Cisco Courses?

Discussion in 'Royal Signals' started by nips, Aug 4, 2006.

Welcome to the Army Rumour Service, ARRSE

The UK's largest and busiest UNofficial military website.

The heart of the site is the forum area, including:

  1. Any info on the above subject. ie which ones are useful for a technician. I'm looking to start my resettlement soon and would appreciate any advice.

  2. darn you roadster280, you beat me to it! :p
  3. Rough wage levels for those qualified in London area

    CCNA-25ish K
    CCNP-35ish K
    CCIE-50k+ but you need to know Cisco inside out.
  4. Thanks for the info. Just a few more questions though.....How long (time) does it take to complete the CCNA program? Also, does the CCNA cover all 6 modules or do you 'choose' where you wish to specialise?? Once CCNA qualified do you receive the CCNP on the job or is it more coursework/exams?? I'm leaving the army next summer so I need to start looking after myself for a change. :p
  5. I would suggest (if you can get it) doing the CCVP above CCNA/P, although it is a very hard course to complete it covers everything you need to know about VoiP. Failing that cisco call manager or an avaya course. If you become knowledgeable on CMAPI give me a call and I'll give you a job (40k + car).

    VoiP is the way ahead but if you are set on a CCNA/P pm me and I'll give you the details for Terry Jacks (ex TOT) who now owns a very good training company (or google him I guess)
  6. Checkpoint Firewall is a handy course to have
  7. A good source of training is at Comstor

    Good discounts for MOD and one of the few training providers to actually use live kit and not Sims.

    CCSP certification is a real money maker if you want to do consultancy work.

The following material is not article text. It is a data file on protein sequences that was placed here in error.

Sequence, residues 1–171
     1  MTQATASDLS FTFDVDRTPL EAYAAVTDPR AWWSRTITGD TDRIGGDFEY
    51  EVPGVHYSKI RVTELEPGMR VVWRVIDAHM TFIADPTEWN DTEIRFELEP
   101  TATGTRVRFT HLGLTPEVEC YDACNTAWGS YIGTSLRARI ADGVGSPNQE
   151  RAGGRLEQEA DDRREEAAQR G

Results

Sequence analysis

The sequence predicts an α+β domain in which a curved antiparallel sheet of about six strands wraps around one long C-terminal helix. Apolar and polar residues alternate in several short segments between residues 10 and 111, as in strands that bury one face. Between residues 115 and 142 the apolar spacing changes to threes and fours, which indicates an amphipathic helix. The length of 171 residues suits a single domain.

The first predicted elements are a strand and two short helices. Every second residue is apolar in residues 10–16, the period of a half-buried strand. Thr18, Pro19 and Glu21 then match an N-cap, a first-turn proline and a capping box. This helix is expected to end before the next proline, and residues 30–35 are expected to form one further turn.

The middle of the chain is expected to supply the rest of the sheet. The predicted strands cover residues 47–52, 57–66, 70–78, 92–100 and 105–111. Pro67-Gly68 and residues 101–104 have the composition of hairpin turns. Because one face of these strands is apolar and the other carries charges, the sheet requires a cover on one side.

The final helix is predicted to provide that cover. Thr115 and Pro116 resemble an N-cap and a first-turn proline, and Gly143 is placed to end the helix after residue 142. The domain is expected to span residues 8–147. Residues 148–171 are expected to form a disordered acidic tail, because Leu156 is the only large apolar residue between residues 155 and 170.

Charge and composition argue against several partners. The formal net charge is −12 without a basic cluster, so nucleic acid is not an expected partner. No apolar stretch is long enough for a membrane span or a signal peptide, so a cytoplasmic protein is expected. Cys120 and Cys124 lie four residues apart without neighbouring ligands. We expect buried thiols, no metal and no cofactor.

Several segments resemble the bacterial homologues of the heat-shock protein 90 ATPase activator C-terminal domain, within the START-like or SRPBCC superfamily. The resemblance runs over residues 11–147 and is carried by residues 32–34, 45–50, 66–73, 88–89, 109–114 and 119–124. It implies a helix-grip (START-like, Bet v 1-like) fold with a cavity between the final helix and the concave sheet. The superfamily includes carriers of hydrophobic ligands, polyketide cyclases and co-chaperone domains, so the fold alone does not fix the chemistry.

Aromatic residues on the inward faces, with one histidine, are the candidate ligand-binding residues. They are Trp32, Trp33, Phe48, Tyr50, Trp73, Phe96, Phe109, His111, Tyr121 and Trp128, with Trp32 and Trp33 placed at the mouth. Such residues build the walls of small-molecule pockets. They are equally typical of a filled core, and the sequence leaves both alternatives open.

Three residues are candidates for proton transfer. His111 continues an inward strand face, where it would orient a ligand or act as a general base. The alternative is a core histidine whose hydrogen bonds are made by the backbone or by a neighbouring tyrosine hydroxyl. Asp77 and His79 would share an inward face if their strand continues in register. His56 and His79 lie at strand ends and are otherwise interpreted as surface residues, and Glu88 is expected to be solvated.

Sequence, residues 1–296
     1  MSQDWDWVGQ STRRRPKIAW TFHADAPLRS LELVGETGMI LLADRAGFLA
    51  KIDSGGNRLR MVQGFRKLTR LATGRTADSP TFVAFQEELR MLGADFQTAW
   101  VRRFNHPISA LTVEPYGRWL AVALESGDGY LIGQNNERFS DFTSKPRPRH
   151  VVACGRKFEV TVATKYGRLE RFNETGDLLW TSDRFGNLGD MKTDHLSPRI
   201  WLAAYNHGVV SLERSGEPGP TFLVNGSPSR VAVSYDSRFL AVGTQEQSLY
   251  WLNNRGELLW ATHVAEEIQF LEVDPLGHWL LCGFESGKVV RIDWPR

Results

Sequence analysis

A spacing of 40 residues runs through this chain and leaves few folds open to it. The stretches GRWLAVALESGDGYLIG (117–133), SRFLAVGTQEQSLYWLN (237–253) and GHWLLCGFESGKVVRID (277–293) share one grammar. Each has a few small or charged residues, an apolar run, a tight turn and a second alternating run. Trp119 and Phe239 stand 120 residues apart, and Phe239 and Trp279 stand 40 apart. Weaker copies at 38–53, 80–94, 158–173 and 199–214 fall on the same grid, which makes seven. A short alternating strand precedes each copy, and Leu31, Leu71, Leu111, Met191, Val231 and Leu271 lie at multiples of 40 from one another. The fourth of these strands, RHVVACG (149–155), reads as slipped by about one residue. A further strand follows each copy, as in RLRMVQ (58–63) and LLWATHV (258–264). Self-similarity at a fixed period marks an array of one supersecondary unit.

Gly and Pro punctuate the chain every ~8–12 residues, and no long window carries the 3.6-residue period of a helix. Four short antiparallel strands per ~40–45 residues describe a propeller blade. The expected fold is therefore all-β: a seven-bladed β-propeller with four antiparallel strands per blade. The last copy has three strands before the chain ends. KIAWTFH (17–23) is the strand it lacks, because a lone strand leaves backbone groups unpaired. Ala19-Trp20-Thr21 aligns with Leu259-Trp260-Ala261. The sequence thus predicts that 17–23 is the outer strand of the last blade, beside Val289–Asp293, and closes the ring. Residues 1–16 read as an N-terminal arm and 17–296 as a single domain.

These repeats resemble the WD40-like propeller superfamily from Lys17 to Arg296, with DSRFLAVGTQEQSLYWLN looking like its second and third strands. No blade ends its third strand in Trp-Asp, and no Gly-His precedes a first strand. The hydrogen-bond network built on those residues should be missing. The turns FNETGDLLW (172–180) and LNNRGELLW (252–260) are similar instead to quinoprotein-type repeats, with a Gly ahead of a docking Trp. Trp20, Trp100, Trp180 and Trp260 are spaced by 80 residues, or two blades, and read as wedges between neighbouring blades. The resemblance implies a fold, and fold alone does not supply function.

8. nips - why are you looking at cisco specifically? Do you have other qualifications eg MCSA/MCSA any of the CompTIA A+/N+/S+ or ideally something along the lines of CISSP or ITIL?

    I work in IT in the RAF and any or all of these would stand you in better stead than CCNA with nothing else (qualifications or experience) to back it up.

    If you got the additional quals, then CCNA is pretty hard graft - took me 2 goes to get my CCNA and I was working in a cisco environment at the time. To progress to CCNP etc involves on average 4 or 5 further courses/exams. Oh yeah, and you need to re-certify every 3 years!!!

    Any questions give me a shout - I could probably point you in the direction of some good training material too, for free of course!!!
  9. nips let us know what you are interested in doing in civi street and it will be easier to give advice.
  10. Cow

    Cow LE

    I got out in May and did some poor courses for resettlement, make sure you research where ever you go, if you do go down the Cisco route, alot of people fail the exams first time round! Comptia A+ quals are poor, I wouldn't bother with them. Industry wants people who specialise in areas, I'm on less than I wanted but the experience from my current job will put me in good stead for the future.

    Edited as I can't spell